New Jersey isn’t necessarily known for its wine. Our state is probably more renowned for stars like Bruce Springsteen or (the infamous) “Jersey Shore” series. However, New Jersey and its wine are finally gaining the traction and recognition they deserve. Sure, we don’t produce as much wine as Napa Valley, but keep in mind that the state of California is nearly 21 times larger than the Garden State. Despite our size (and recent reports that we’re the most hated state), New Jersey produces worthwhile wine. To clue you in, we’ve compiled a list of 5 things you didn’t know about New Jersey wine.
1. The Garden State is seventh in the nation for wine production.
According to New Jersey’s Department of Agriculture, New Jersey wineries produced nearly 2 million gallons of wine in 2016. The retail value of these gallons reached nearly $30 million. With more than 50 licensed wineries, New Jersey is ranked seventh in the nation for wine production.
2. NJ vineyards grow more than 40 varieties of grapes.
One of the great things about New Jersey wines is how many options wine lovers truly have. There are more than 40 varieties of grapes grown throughout the state. There are traditional Italian and Spanish vines or French-American blends. Common grapes are grown, as are Native American varieties. This makes for a wide array of classic flavors.
If traditional wine isn’t your thing, New Jersey wineries offer a great selection of fruit wines. You can delve into the flavors of blueberries and plums or apples and strawberries.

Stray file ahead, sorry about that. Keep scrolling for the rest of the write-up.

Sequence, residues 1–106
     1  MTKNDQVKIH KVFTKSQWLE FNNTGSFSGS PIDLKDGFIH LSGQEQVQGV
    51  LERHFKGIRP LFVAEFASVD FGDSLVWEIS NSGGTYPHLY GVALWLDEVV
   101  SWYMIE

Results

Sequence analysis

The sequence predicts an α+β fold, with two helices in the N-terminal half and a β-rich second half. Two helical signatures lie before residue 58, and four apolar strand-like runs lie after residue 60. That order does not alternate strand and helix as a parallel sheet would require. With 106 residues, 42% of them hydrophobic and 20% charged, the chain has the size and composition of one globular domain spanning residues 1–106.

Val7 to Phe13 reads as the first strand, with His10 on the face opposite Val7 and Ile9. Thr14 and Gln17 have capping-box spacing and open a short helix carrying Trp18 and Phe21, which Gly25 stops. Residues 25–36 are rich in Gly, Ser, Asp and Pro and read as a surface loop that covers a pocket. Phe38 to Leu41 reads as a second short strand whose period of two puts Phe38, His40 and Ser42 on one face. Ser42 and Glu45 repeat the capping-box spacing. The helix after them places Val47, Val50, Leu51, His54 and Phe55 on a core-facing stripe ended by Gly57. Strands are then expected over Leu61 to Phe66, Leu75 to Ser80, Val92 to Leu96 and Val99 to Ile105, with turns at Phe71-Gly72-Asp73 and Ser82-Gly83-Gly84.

3. The history of wine in New Jersey dates back to 1758.
Although New Jersey may not be as well known for its wineries as California, wineries are not a new phenomenon in the Garden State. The history of wine in New Jersey dates back to 1758 when Great Britain’s Royal Society offered a prize to any colonist who could make a wine of the same quality as that of France. Two colonists in New Jersey, William Alexander and Edward Antill succeeded and were awarded £200 (nearly $10,000 US dollars today).
In 1864, Master Vintner Louis Nicholas Renault of France purchased land that would become New Jersey’s first vineyard. By 1870 he had perfected and launched his New Jersey champagne. The winery gained notoriety and would go onto be the largest distributor of champagne in the United States (in 1968).
4. New Jersey’s moderate summers and temperate winters make for an ideal grape environment.
New Jersey’s topographical makeup offers a variety of growing conditions. Most of the state is a mesothermal climate, which makes for longer growing periods and more sun exposure than the north. Northern New Jersey experiences shorter growing seasons and colder winters.
Growers have to take into account different factors throughout the state, like possible sandy soil and amount of precipitation. Grapes need sun, heat and water during their growing season and cold during dormancy. New Jersey’s moderate summers and temperate winters make for an ideal grape environment.
5. New Jersey has four regions designated for vineyards.
Experts have designated four regions in New Jersey designated as the best places for vineyards. Each of these four regions are an official American Viticultural Area. There’s Central Delaware, Warren Hills, Outer Coastal Plain and Cape May Peninsula.
Since New Jersey isn’t necessarily known for its wines, the state’s name attached to a bottle might not help it sell. To fix this problem, some winemakers decided to market their wines based on the regions in which they produce their goods. There’s even an entire NPR Planet Money podcast episode about this phenomenon!
Have anything to add to our list of things you didn’t know about NJ wine? Let us know in the comments below.
Main Photo by Dan Meyers